General. Refer to par. 188.8.131.52 for the selection of
outdoor and indoor design conditions. Manual procedures provided
below for determining heating and cooling loads are generally
only applicable to small systems (e.g., heating systems less than
200,000 Btu per hour and cooling systems less than 10 tons).
Computer programs are available that will provide more precise
load determinations and the time of day with the highest cooling
load. The highest heating load is assumed to occur just before
dawn; therefore, this should be considered in the design heating
Q = U * A * (Ti - To)
Q = Btu/hr heat loss by transmission,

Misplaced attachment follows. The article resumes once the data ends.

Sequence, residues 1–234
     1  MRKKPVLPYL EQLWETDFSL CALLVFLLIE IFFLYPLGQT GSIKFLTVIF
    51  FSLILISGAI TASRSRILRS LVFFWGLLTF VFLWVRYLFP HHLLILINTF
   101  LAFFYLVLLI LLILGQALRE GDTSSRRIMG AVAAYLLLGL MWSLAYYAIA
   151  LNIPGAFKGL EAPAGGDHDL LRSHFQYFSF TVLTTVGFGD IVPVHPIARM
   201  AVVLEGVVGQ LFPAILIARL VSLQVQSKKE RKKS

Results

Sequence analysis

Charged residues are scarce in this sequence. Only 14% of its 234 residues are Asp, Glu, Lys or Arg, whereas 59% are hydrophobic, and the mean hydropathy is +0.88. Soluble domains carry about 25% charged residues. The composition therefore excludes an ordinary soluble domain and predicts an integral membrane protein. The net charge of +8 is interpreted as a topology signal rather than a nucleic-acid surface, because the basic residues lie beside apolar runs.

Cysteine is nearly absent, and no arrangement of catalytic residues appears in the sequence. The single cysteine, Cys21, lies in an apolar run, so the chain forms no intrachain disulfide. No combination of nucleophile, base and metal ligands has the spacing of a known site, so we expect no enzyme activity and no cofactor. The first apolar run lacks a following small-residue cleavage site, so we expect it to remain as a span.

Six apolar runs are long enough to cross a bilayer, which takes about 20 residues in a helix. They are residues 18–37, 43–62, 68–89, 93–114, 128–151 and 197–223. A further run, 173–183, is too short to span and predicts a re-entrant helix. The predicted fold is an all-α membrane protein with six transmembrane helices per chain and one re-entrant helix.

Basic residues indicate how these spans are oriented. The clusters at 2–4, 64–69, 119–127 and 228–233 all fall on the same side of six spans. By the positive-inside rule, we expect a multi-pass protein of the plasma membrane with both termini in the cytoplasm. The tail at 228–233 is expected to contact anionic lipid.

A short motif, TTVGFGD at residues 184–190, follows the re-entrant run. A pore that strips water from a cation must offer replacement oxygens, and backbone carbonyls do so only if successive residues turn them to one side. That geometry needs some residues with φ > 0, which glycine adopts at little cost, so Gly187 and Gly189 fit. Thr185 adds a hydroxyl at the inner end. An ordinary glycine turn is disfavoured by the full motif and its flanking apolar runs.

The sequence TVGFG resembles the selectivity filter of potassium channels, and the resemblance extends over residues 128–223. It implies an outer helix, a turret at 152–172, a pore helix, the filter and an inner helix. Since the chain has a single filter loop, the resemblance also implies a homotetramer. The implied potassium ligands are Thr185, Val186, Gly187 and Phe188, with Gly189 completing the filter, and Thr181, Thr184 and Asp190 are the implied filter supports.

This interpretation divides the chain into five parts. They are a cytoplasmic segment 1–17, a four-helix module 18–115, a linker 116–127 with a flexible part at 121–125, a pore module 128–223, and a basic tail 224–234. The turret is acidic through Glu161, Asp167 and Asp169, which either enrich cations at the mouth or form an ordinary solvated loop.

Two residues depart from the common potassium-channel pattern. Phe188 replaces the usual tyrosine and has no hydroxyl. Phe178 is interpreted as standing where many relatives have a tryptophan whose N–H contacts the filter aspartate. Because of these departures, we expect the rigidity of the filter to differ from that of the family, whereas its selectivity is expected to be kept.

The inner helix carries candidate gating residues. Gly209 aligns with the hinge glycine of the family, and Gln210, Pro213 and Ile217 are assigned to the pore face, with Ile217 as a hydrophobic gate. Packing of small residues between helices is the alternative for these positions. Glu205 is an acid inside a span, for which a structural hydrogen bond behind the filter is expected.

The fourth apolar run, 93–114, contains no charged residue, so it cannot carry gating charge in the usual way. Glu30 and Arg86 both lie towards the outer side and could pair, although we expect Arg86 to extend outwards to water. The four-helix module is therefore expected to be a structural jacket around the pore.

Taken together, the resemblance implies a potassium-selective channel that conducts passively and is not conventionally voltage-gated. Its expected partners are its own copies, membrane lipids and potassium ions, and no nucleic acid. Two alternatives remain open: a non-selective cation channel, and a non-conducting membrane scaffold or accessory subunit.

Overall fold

U = heat transfer coefficient (look this up in a
handbook for your particular wall, floor, roof, etc.),
A = area of the surface (wall, window, roof, etc.),
Ti = inside design temperature, and
To = outside design temperature.
Use this formula to compute heat transmission losses
from each element of the building skin (e.g., walls, windows,
roof, etc.). Note that attic and crawl space and ground
temperature are different from outdoor temperatures.
Infiltration and Ventilation. To determine the heating
load use the larger of the infiltration and ventilation loads.
Outdoor air provided for ventilation should exceed the air
exhausted by 10 to 15 percent to minimize infiltration. The
designer must use judgment on the amount of excess supply air to
include based on number and type of windows and doors.
Q = 1.10 * CFM * (Ti - To)
CFM = cubic feet per minute of outdoor air, and
Q = the sensible heat loss, Btu/hr.